The Supreme Court threw out on June 27 by a 7–2 vote a Colorado man’s conviction for making threats online against an entertainer because his intent in trying to communicate with her was never considered.
The case raised an important First Amendment issue in an age when so much communication takes place online using text, a medium that lacks the nonverbal cues present in in-person communication and that sometimes makes it difficult to ascertain the intent of the speaker.
Colorado’s stalking law forbids “knowingly … [r]epeatedly … mak[ing] any form of communication with another person … in a manner that would cause a reasonable person to suffer serious emotional distress and [that] does cause that person … to suffer serious emotional distress.”
The Supreme Court agreed in January to hear the case because courts across the country differ widely in how they interpret what constitutes a “true threat” under the U.S. Constitution.
To establish that a statement is a true threat that is not protected by the First Amendment, prosecutors must demonstrate that the speaker subjectively knew or intended the threatening nature of the statement, or that it is sufficient to show that a “reasonable person” would regard the statement as a threat of violence.
Billy Ray Counterman was convicted of stalking under Colorado law after he repeatedly contacted singer-songwriter Coles Whalen over two years using various Facebook accounts. Whalen never responded and blocked Counterman, but he kept creating new profiles to contact her.
Counterman was sentenced to four and a half years in prison.
Among the messages were: “Was that you in the white Jeep?” and “I’m currently unsupervised. I know, it freaks me out too, but the possibilities are endless.”
Counterman also wrote Whalen saying, “You’re not being good for human relations. Die. Don’t need you,” and “Staying in cyber life is going to kill you. Come out for coffee. You have my number.”
Justice Elena Kagan wrote the majority opinion (pdf) in Counterman v. Colorado (court file 22-138), which was joined in full by Chief Justice John Roberts, along with Justices Samuel Alito, Brett Kavanaugh, and Ketanji Brown Jackson. Justices Sonia Sotomayor and Neil Gorsuch joined the opinion in part.
Justices Clarence Thomas and Amy Coney Barrett both filed separate dissenting opinions. Thomas joined Barrett’s opinion.
“True threats of violence are outside the bounds of First Amendment protection and punishable as crimes,” Kagan wrote for the court.
“Today we consider a criminal conviction for communications falling within that historically unprotected category.
“The question presented is whether the First Amendment still requires proof that the defendant had some subjective understanding of the threatening nature of his statements.
“We hold that it does, but that a mental state of recklessness is sufficient. The State must show that the defendant consciously disregarded a substantial risk that his communications would be viewed as threatening violence. The State need not prove any more demanding form of subjective intent to threaten another.”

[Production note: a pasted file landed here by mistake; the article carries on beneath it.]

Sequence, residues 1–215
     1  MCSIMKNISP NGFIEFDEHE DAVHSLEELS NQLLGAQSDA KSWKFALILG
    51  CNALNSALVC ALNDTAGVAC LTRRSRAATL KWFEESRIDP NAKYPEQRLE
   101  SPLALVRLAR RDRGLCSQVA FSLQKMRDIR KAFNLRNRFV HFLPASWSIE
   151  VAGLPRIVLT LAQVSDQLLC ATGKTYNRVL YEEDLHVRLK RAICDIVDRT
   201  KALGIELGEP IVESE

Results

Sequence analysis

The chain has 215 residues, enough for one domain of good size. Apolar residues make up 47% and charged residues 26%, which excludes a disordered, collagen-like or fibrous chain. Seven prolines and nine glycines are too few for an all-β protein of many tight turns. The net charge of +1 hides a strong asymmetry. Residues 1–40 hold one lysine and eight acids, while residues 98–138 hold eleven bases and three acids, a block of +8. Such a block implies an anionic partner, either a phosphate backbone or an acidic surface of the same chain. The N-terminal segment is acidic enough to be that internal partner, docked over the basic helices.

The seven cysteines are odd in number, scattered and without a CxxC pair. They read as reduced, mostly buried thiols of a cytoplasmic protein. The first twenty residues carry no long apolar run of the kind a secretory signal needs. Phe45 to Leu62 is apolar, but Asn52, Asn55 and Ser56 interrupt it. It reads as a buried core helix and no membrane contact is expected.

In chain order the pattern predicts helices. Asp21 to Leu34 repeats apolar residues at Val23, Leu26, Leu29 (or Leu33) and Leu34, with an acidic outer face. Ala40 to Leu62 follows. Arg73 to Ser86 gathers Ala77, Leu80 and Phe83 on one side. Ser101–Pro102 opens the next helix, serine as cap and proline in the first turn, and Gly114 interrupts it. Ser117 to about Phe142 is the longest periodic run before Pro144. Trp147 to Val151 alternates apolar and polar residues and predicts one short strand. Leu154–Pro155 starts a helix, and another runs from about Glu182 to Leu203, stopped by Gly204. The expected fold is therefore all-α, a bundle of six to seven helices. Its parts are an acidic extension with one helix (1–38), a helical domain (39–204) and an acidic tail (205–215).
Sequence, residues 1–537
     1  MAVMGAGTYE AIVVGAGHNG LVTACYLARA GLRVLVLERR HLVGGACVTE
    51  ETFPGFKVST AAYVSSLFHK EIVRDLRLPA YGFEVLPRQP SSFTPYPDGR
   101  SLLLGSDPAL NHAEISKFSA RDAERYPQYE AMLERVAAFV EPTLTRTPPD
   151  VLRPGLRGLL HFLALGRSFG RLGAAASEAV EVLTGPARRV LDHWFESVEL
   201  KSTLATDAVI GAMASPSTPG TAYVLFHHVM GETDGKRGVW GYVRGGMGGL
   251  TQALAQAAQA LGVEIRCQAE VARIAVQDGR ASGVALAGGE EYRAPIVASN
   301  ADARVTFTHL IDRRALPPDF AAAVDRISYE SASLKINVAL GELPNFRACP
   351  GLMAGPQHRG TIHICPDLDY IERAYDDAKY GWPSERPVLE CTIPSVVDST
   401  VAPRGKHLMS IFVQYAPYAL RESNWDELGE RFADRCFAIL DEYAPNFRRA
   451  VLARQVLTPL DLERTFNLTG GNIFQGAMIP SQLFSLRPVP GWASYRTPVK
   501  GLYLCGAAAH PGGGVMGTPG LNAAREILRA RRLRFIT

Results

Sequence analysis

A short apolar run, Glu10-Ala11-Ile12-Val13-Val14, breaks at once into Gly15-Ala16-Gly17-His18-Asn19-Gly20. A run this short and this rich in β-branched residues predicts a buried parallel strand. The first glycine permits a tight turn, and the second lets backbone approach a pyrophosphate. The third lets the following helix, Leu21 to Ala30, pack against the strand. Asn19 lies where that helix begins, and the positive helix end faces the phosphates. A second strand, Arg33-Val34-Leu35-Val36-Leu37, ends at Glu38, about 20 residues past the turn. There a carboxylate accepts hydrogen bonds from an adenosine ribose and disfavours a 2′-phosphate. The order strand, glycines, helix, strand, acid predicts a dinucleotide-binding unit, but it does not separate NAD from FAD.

“The state had to show only that a reasonable person would understand his statements as threats,” Kagan wrote.
“It did not have to show any awareness on his part that the statements could be understood that way. For the reasons stated, that is a violation of the First Amendment.”
The Supreme Court vacated the judgment of the Colorado Court of Appeals and remanded the case to that court “for further proceedings not inconsistent with this opinion.”
Sotomayor wrote that the United States has “a tradition of criminalizing threats stretching back centuries.”
“Such laws are plainly important. There is no longstanding tradition, however, of punishing speech merely because it is unintentionally threatening,” she wrote.
“Instead, this Court’s precedent, along with historical statutes and cases, reflect a commonsense understanding that threatening someone is an intentional act.”
It is not necessary to show “an individual intends to carry through with the threat. But it does require showing that an individual desires to threaten or is substantially certain that her statements will be understood as threatening.”
But here the court deviates from “this traditional understanding,” the justice wrote.
“Where I part ways with the Court is that I would not reach the distinct and more complex question whether a mens rea of recklessness is sufficient for true-threats prosecutions generally.”
Mens rea is a Latin phrase meaning “guilty mind,” or criminal intent.
“Further, requiring nothing more than a mens rea of recklessness is inconsistent with precedent, history, and the commitment to even harmful speech that the First Amendment enshrines. I therefore respectfully concur only in part and in the judgment,” Sotomayor wrote.
In her dissent, Barrett wrote that the majority has adopted “a subjective standard,” but not the one argued by Counterman.
“The Court holds that speakers must recklessly disregard the threatening nature of their speech to lose constitutional protection. Because this unjustifiably grants true threats preferential treatment, I respectfully dissent,” she wrote.
From The Epoch Times